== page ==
How much harder is it to get an undergraduate degree (say, in computer science) at a highly competitive university compared to a less rigorous institution?
Your intuition is correct; I nevertheless do not think is it easy to quantify how much harder (or easier) is one degree compared to another. It is imperative to also define how we measure "hardness"; eg. hours per week? success rate? span of material covered? etc. Clearly one adapts the difficulty of the lecture to the audience. I am not talking about trivializing a topic (that can happen too and it is wrong) but actually as an educator you have to strike the right balance.
To give a small anecdote from Greece: My very close friend graduated Physics and decided to go a second degree afterwards in EECS in NTUA. EECS in NTUA in Greece is one of the most prestigious and hardest to get in schools in the country (occasionally it is actually the hardest). In this programme he had to do a particular Physics class and while he was good, he had to put a lot of effort on it. So at some point he asked the lecturer (I am paraphrasing) : "I am a physicist, I know this stuff and I know you give them really hard problems on this subject. I see the class fighting to keep up; is it worth it? It is extremely unlikely they will use this material." the answer was : "Yes, you are right; but they are the best (theoretically) in country so I need to drill them the hardest." The lecturer was adapting the lecture to the audience. And I have heard complains from academics in minor schools for the exact opposite thing (under-qualified audiences).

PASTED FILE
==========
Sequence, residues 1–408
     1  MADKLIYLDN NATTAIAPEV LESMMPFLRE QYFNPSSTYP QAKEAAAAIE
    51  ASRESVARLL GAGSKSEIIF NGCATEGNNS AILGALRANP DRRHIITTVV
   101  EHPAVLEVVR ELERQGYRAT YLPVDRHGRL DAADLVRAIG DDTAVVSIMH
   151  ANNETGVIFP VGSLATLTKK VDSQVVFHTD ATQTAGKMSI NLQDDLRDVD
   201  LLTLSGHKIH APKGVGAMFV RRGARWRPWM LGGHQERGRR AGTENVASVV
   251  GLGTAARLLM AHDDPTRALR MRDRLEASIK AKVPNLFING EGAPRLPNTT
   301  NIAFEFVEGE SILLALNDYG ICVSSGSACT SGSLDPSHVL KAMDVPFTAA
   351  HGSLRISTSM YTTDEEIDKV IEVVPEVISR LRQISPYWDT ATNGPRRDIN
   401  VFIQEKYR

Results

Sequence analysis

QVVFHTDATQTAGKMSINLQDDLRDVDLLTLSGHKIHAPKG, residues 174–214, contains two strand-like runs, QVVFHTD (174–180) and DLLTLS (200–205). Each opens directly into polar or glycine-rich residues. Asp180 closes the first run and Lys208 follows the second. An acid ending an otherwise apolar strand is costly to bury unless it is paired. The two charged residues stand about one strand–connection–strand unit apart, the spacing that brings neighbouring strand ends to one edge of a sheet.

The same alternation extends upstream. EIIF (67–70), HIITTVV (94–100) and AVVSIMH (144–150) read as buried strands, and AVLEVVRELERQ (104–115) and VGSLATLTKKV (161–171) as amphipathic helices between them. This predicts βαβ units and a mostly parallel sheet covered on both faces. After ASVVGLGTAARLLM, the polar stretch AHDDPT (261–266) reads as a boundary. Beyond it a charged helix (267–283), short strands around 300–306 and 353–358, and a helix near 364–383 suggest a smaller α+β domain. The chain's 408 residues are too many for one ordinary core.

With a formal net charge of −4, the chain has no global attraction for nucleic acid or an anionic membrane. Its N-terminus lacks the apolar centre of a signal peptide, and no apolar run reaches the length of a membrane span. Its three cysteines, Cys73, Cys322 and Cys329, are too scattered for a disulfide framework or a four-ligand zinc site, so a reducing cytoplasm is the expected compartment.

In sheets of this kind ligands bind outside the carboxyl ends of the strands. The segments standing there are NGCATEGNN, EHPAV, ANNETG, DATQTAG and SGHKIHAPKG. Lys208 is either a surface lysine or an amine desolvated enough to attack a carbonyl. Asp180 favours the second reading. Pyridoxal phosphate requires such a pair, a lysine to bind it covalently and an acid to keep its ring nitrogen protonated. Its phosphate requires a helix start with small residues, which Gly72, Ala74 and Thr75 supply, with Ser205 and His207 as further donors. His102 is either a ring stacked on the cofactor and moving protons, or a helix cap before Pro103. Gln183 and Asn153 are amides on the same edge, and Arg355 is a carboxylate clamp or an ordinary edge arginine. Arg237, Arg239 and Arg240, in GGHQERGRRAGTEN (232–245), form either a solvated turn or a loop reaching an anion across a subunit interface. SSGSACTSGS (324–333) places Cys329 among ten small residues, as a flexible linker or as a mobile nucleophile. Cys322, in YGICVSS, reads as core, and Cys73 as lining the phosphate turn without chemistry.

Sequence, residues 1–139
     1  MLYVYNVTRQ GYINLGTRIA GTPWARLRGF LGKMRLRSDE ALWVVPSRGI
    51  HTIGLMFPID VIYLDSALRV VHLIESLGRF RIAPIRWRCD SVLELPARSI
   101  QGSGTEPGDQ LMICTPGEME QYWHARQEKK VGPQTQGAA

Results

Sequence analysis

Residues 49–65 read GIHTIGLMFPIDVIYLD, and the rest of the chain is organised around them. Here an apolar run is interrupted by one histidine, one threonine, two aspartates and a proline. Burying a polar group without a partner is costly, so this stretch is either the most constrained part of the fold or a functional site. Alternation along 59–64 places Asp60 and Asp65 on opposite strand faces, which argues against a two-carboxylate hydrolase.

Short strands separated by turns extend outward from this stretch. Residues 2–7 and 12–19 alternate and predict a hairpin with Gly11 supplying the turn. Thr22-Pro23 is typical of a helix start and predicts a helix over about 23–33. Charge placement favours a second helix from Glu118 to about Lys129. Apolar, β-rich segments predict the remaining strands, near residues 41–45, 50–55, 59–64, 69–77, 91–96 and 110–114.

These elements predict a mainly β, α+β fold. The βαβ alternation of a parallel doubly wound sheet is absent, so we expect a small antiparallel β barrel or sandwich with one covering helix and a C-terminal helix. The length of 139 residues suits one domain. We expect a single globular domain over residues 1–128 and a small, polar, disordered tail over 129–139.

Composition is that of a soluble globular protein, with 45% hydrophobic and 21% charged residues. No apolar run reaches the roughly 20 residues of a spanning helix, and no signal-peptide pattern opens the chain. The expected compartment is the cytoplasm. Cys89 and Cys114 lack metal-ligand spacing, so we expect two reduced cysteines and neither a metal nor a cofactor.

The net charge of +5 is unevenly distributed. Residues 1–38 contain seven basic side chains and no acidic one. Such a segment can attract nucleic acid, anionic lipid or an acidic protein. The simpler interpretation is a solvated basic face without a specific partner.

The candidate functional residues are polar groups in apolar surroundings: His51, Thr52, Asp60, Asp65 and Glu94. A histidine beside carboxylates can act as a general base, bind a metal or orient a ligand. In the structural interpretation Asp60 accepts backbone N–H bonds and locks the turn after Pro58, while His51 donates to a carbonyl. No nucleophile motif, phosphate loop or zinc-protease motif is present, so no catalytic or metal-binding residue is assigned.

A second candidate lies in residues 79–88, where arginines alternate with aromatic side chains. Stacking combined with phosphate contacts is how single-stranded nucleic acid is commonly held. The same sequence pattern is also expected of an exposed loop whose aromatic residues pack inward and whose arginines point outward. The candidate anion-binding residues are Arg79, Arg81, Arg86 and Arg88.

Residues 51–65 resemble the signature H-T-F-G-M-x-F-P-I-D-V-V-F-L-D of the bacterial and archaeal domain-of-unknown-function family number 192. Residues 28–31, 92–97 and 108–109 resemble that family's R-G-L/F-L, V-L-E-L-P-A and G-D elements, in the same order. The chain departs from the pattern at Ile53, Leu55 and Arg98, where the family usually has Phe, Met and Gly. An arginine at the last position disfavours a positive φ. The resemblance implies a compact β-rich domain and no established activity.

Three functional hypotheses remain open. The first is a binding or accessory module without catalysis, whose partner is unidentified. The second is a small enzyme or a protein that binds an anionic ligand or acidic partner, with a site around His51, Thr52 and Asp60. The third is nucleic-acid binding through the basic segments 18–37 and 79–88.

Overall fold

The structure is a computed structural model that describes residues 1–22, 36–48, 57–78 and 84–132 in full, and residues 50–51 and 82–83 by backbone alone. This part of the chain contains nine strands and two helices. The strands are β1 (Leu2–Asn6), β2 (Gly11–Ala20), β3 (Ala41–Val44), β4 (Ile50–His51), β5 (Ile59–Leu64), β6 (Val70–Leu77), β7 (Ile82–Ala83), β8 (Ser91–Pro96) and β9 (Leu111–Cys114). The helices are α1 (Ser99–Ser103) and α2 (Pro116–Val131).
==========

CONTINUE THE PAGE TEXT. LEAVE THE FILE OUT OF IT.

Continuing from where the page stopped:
To recap: Yes, the same class taught in a top school and in a average school will almost surely be harder in a top school. That is natural and should be expected to a certain degree. Quantifying the difficulty of it though is useless unless you have a particular "yardstick*.
Disclaimer: I am not a physicist nor did I attend the institution mentioned above aside a few lectures here and there.